(Nov. 8) The graying of America could be silver in the pockets of fruit marketers.

A study from the U.S. Department of Agriculture indicates that older individuals eat less of most food groups than do young people. However, fruit is the exception to the rule, the study showed.

The report was published in the summer/fall edition of the USDA’s Food Review, titled “The Graying of America.”

The publication pointed out that the number of people 65 and older is expected to grow from 35 million in 2000 to 53.7 million in 2020 and then to 82 million by 2050. Those 65 and older will account for 20% of the population in 2050, up from 12% in 2000.

While a 1991 telephone survey conducted by the National Cancer Institute indicated only 23% of Americans ate five or more servings of fruits and vegetables a day, more recent statistics show some higher numbers.


The study said more than twice as many older men meet the Food Guide Pyramid recommendation for fruit consumption than younger men — 29% compared with 14%, respectively. About 32% of older women consume at least two servings of fruit daily, compared with 19% of younger women who eat the suggested servings.

Among men 60 and older, the average consumption of fruit was two servings, compared with 1.4 servings for those 19-59 years old. Among women 60 and older, consumption of fruit averaged 1.8 servings.

However, both men and women 60 and older ate fewer vegetable servings than their counterparts from 19-59 years old.

Among men 60 and older, the average consumption of vegetables was 3.7 servings a day, compared with 4.3 servings a day for those 19-59 years old. About 42% of men 60 and older consumed the recommended servings of vegetables each day, compared with 46% of those 19-59. Those numbers are somewhat misleading, since frozen potatoes and potato chips account for 17% of all U.S. vegetable servings.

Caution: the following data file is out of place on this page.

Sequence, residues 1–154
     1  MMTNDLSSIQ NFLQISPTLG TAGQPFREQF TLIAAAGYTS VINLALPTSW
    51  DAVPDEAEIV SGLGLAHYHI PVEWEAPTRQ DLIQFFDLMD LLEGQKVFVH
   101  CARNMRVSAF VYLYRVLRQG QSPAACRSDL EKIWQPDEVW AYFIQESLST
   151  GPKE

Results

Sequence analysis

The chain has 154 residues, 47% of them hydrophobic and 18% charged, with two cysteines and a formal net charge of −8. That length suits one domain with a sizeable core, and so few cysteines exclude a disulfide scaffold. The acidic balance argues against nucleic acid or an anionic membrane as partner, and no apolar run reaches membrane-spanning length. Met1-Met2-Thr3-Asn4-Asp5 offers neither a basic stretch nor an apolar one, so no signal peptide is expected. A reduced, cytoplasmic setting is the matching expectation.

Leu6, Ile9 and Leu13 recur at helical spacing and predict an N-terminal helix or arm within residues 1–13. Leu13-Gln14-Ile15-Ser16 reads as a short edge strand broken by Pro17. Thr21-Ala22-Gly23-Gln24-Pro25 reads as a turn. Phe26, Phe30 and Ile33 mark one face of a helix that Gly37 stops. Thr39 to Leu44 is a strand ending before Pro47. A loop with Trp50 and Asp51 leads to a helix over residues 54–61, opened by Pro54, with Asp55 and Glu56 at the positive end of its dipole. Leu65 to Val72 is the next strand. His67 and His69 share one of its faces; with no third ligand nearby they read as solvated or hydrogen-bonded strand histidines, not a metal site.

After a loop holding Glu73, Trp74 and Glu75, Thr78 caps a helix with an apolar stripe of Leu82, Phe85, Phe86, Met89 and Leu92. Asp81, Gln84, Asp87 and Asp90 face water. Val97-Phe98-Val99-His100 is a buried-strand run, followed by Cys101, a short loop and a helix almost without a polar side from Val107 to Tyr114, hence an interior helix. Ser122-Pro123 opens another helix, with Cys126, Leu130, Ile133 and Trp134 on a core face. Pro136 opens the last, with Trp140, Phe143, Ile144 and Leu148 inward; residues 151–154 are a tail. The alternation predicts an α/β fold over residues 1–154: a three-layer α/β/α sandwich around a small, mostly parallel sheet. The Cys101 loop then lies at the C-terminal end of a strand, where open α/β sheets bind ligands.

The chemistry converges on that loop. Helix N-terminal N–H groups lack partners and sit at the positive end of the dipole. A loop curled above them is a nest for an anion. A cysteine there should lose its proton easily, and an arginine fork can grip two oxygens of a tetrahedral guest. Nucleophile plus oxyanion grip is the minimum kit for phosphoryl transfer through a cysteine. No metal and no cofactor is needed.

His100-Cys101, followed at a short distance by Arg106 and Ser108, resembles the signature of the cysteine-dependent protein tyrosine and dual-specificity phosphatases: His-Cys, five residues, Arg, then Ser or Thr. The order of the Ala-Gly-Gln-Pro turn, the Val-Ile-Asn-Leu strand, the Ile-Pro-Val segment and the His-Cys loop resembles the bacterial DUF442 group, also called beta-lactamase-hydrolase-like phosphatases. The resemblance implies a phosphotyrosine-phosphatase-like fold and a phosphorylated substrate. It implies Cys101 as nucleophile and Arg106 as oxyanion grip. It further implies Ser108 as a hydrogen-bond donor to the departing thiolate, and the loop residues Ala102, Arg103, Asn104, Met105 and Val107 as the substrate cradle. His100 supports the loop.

Among women older than 65, vegetable consumption averages 2.9 servings daily, compared with 3.1 servings for those 19-59 years old. Among females, an average of 38% consumed the recommended servings of vegetables, slightly higher than the 37% who ate the recommended servings in the 19-59 age bracket.

Barbara Berry, vice president of programs for the Produce for Better Health Foundation, Wilmington, Del., said that more recent research also validates the idea that older men are strong consumers of fruits and vegetables.

In fact, she said the PBH board recently reviewed data from an eating survey conducted with data from 1999-2001.

“We were surprised that older men do so much better than everyone else,” she said.


While recent discussions have considered the need to increase recommendations of fruit and vegetable consumption, the USDA report noted that Tufts University researchers have created an “elderly pyramid” which accounts for reduced energy needs of the aged by reducing the recommended servings of food groups.

In their pyramid, the elderly would be encouraged to eat three servings of vegetables and two servings of fruit, rather than three to five servings of vegetables and two to four servings of fruit listed in the USDA’s food pyramid. The elderly pyramid also allows for vitamin supplements for calcium, vitamin D and vitamins B-12.

The elderly pyramid recommends at least 6 servings of grains, rather than the 6 to 11 servings the Food Guide Pyramid recommends. The graphic also stresses the need to consume eight servings of water each day.